• For the purpose of utilizing the waste-heat to better effect, the heating surface adjacent the combustion chamber is enlarged by using smoke tubes through which exhaust gases are caused to pass upwardly before entering the chimney. Special measures are required in this respect to prevent sooting of the chimney as a result of condensation on the walls of the chimney due to the lowering of the temperature therein. As a result thereof, only relatively few such boilers with smoke tubes have been used in central-heating systems.
  • Moreover, with known conventional boilers the hot flue gases still contain a relatively large amount of thermal energy when discharged to atmosphere, which energy is consequently lost for useful purposes.
  • It is therefore the object of this invention to provide a novel boiler of the aforesaid kind with which the disadvantages inherent with said conventional boilers are at least substantially overcome, and more specifically to provide such a boiler in which more heat is recovered from the hot flue gases than with conventional boilers, before discharging the gases to atmosphere.
  • To this end it is proposed in accordance with the invention that in a boiler of the kind described in the introduction the heat-transfer medium chamber contains a pipe arrangement for domestic water in which the return line for heat-transfer medium discharges into the heat-transfer medium chamber at such a level vertically above the level of the lower end of the pipe arrangement for domestic water as to create a cold zone of heat-transfer medium between said two levels through the cooling effect caused by the domestic water arrangement on the heat-transfer medium.
  • In this way there is obtained in the lower region of the boiler a cold zone by means of which the flue gases flowing through the pipes are cooled to a lower temperature than would otherwise be the case, and more energy can be taken from said gases before discharging them to atmosphere.
  • Conveniently, the distance between the said two levels is between one fourth and one half of the total height of the heat-transfer medium chamber, and preferably the mouth of the return line for heat-transfer medium lies on a level with the pipe arrangement for domestic water at which said water has at least substantially reached the same temperature as the returning heat-transfer medium.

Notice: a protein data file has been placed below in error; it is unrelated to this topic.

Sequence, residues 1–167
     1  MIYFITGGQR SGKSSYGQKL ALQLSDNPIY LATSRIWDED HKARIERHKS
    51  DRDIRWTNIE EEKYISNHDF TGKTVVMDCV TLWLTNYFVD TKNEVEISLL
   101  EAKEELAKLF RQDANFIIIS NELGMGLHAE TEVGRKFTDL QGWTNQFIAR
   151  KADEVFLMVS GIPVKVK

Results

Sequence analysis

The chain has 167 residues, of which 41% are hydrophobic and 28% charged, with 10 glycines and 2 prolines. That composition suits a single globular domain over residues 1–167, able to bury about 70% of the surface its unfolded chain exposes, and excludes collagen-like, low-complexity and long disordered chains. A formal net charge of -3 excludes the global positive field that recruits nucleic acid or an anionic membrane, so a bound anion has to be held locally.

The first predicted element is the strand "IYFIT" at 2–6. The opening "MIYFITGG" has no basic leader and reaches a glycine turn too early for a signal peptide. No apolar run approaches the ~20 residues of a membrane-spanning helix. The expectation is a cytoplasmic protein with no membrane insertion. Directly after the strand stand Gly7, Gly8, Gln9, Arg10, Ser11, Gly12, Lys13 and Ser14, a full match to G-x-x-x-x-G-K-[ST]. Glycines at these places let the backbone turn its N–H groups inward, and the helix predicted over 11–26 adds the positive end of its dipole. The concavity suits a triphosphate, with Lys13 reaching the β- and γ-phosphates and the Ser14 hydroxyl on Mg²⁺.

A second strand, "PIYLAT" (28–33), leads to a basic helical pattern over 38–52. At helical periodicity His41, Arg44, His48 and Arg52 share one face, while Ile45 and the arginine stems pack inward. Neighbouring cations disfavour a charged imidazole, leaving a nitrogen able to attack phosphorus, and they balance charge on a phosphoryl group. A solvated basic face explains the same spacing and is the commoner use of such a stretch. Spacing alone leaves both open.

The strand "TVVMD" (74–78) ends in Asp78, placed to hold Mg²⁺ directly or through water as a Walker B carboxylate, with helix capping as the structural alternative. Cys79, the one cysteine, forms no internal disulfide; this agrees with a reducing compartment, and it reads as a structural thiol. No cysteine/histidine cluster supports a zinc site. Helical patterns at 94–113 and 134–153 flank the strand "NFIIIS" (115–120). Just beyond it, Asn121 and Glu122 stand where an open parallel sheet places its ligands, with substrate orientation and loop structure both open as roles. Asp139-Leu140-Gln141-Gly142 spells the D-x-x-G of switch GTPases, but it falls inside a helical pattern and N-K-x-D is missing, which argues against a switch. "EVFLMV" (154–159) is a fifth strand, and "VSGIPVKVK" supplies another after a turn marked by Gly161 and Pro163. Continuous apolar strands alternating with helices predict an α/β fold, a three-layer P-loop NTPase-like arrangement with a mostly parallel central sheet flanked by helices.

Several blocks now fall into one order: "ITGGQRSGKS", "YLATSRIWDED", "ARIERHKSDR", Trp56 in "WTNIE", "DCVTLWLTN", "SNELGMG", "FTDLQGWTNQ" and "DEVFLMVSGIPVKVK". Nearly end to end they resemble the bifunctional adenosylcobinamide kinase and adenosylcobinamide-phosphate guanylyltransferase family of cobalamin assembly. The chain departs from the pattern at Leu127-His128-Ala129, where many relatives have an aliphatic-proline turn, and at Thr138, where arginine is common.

• The aforementioned large, specific heat-transfer area may be obtained by dividing the flow of combustion gas into a multiplicity of parallel part-flows separated mechanically from the hot-water. By dividing the gas flow in this way, into a large number of part flows of relatively small cross-sectional area, there is obtained a particularly effective transfer of heat to the heat-transfer medium, whereby - as a result of the counter-flow - an effective temperature gradient between the combustion gases and the heat-transfer medium is ensured along the total smoke-pipe length. The resultant condensate falls gravitionally downwardly through the smoke-pipes and can readily be removed by suction, the combustion gases leaving the boiler at the bottom thereof being maximally free of condensate.
  • Further, the combustion is suitably caused to take place in a location placed immediately above the heat-transfer area, thereby to enable solid residues of combustion to be moved downwards by the hot combustion gases such as to enable residues to be removed together with the condensate.
  • In many cases - and particularly in the case of oil burners - the overpressure occurring at the burner, in combination with the suction at the chimney, is sufficient to move the combustion gases downwardly - against their natural inclination to rise upwardly - in counter-flow to the flow of hot-water. When however, it is considered that the natural draught in the chimney, combined with the pressure prevailing in the combustion chamber of the boiler, is not considered sufficient to draw the combustion gases downwardly, a suction fan can be arranged adjacent to or in the combustion gas outlet.
  • In accordance with one advantageous embodiment of a boiler constructed in accordance with the invention, the combustion chamber is preferably arranged immediately above the upper ends of the smoke-pipes and the lower ends of said pipes discharge into a collecting chamber having an outlet for the combustion gases and a drain for the precipitation from said gases. The collecting chamber may also be provided with an outlet through which solid combustion residues can be removed. The strongly cooled and - as previously mentioned - substantially condensate- free combustion gases pass from the collecting chamber through the outlet to the chimney, from whence they are led to atmosphere.